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Dear Frank : The Fairer Socks

Dear Frank Socks 02
Frank Strack
10 Jun 2015

When it comes to socks, you can have any colour you like, but think before you choose.

Dear Frank

Can you please use your influence to make a Rule banning black socks? White socks are elegant, black socks are naff.

John Hassall, by email

 

Dear John

I really wish Lance Armstrong had never worn black socks. That, and all that other stuff he did, like doping, being such a dick, and wearing those long shorts. All equally offensive. In that order. Black socks, doping, dick-being, and long shorts. The black socks are the worst of his offences because it makes it very tempting to throw a Rule up that says black socks have their place – on mountain bikers because they are already wearing baggy shorts and there is no more hope for civility among their number. Or in your chain-cleaning rag bucket, or something like that.

Did Merckx wear black socks? Sometimes, but when he started riding that day they were white. It’s hard to keep your socks spotless when you’re busy crushing fools all day. And Coppi? Anquetil? Hinault? Kelly? LeMond? No sir. White socks only, at least when they set out.

The Rules existed long before we, The Keepers, never wrote them down. They were unspoken, passed along from one Cyclist to the next, to be absorbed by those inclined and ignored by those not. Cyclists recognised kindred spirits by one another’s interpretation of the unspoken Cyclists’ Code, which, like the Pirate Code, was more like guidelines than rules. Minus the pillaging.

Interpretation of the Rules can be a grey area, quite literally in the case of black and white socks, because it becomes a question of style, which is more art than it is science. Science can be taught to you no matter how stupid you are, while art is visceral – innate – and if you don’t have it, no one can teach it to you no matter how big a genius you are. Just look at any rich tech tycoon you’ve ever seen on TV. Case closed.

Style is conviction. It is expressed not by what we choose to wear, but by how we choose to wear it. Within the accepted standards, we each decide what does and doesn’t look good, and after that choice is made, our conviction of that decision is what convinces the observer of our choice much more than its actual appearance. That which makes us feel good makes us look good. In the immortal words of Paul Fournel, to look good is already to go fast.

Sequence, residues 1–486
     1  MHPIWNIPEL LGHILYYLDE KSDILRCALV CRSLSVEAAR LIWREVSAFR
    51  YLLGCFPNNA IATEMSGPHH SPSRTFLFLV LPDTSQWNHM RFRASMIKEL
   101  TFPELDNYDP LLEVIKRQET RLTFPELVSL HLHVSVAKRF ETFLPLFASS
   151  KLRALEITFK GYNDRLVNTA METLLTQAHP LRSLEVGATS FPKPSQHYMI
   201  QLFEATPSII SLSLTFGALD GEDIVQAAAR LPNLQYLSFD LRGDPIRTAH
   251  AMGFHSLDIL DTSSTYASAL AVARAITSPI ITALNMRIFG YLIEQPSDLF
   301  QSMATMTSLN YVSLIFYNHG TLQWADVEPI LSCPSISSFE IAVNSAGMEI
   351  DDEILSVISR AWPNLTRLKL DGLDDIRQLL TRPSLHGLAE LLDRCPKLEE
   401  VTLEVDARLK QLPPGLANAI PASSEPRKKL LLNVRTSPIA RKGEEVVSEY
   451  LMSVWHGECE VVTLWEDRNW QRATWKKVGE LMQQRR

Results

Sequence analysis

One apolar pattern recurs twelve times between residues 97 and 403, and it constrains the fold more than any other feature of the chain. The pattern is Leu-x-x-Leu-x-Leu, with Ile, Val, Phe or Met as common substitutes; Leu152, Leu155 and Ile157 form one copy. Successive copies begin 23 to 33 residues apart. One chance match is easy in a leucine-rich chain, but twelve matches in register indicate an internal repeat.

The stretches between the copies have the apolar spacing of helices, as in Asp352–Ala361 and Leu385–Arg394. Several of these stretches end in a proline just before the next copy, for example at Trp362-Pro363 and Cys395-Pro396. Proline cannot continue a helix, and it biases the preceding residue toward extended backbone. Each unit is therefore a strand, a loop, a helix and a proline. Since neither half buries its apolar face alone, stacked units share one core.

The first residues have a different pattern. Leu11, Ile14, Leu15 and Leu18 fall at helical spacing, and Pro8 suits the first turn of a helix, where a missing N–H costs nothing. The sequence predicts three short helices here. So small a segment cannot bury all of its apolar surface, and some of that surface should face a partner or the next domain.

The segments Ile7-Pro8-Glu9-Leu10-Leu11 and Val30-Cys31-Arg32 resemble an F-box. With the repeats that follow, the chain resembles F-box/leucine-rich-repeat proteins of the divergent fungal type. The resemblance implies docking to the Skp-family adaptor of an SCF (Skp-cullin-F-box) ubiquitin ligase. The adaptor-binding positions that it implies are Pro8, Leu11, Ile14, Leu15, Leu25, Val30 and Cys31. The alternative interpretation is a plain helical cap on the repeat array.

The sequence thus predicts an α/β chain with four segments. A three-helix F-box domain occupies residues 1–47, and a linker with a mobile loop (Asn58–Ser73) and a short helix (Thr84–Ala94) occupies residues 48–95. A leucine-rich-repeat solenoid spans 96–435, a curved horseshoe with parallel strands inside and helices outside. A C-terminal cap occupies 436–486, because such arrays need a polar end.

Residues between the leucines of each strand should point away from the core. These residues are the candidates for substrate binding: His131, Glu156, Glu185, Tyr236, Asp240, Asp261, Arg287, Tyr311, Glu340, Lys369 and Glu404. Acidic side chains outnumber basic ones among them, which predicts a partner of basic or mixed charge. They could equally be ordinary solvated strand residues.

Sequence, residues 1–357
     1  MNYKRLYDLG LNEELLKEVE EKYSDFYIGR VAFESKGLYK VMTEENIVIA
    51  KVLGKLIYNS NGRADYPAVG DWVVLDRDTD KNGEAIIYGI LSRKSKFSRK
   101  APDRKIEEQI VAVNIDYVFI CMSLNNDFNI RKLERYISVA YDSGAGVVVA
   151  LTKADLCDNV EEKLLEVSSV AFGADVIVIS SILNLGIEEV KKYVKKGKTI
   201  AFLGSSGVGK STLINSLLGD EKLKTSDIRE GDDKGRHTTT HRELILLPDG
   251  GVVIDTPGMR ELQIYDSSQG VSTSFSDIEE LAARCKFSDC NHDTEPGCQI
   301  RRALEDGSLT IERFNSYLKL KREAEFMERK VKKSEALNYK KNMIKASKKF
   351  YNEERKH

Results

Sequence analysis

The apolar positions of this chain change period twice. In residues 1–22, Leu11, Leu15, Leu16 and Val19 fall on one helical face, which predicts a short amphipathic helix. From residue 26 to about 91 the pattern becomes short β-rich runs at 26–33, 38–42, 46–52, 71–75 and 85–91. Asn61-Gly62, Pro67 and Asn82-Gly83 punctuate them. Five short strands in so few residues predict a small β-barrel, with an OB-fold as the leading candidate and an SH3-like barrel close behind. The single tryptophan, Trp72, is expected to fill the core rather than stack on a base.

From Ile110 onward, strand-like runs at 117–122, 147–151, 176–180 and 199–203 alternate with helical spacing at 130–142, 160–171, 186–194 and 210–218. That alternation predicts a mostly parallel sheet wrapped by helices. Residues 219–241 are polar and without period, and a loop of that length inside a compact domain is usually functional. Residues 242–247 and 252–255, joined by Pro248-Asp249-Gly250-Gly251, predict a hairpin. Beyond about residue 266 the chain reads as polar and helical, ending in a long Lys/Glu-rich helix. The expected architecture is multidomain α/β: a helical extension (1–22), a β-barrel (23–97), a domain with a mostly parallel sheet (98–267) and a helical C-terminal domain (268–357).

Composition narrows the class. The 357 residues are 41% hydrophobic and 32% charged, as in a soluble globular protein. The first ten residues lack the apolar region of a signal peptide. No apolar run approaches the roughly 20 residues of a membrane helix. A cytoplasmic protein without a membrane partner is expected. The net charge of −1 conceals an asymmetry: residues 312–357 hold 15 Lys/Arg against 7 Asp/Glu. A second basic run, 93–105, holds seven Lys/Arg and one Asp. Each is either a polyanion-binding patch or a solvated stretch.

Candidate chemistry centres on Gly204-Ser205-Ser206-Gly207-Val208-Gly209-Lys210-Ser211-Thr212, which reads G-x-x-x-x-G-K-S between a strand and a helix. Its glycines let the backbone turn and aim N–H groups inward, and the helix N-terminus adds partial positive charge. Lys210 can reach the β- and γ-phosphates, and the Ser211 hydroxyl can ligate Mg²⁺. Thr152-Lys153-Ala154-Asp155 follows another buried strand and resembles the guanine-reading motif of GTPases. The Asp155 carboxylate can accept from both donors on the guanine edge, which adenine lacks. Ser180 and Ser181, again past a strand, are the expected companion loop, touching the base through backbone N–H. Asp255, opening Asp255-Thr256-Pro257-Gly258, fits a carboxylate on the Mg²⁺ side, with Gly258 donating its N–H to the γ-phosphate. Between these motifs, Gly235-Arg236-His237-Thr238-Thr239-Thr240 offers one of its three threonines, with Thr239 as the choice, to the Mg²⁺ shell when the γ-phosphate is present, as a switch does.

Each of us needs to find our own style, which leaves plenty of leeway for individuality. Socks offer the Cyclist a small bit of freedom in a rigid world of history, culture and etiquette. The Rules are clear on what we can and can’t wear: black shorts (Rule #14), no team kit unless you’re part of the team (Rule #17), no leader’s jerseys (Rule #16), no cycling caps off the bike (Rule #22), sock and short length are carefully laid out (Rule #27), eyewear shall be cycling-specific (Rule #36), no beards (Rule #50 – I’d like the bulk of the pro bunch to review that one please, Cycling is not a 70s porno).

In this list, Rule #28 stands out as a beacon of stylistic freedom: Socks can be any damn colour you like. I refer to this as The Aesthete’s Choice, an opportunity for each of us to express ourselves. Much like Rule #8 allows us to choose our bar tape and tyre colour, Rule #28 allows us to choose our sock colour. White is the obvious choice, but there are other classy choices to be made. And make no mistake, just as we each have the right to choose, we each have the right to judge. Never stop judging, and never stop choosing. It is in our nature.

Frank Strack is the creator and curator of The Rules. For further illumination see velominati.com and find a copy of his book The Rules (Sceptre) in all good book shops. Email your questions to him at cyclist@dennis.co.uk

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